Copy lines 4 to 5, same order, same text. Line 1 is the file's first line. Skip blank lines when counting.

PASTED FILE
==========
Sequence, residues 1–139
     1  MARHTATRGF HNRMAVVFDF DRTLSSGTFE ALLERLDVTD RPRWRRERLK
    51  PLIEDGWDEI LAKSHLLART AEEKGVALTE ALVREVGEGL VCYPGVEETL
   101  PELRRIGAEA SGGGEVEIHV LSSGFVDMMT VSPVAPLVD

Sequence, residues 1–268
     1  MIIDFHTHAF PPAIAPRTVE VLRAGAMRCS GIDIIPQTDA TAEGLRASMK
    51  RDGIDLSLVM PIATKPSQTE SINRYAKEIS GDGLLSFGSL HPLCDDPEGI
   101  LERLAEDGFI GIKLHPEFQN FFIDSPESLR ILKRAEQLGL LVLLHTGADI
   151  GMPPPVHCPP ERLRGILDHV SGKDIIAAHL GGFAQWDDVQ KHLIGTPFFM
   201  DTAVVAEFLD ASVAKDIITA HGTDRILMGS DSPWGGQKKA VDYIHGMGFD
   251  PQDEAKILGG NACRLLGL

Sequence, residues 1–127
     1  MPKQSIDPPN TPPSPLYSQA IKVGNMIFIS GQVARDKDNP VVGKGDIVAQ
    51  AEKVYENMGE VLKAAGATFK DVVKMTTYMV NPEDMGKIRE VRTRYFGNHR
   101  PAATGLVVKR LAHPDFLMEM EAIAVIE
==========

   101  PELRRIGAEA SGGGEVEIHV LSSGFVDMMT VSPVAPLVD

Sequence, residues 1–268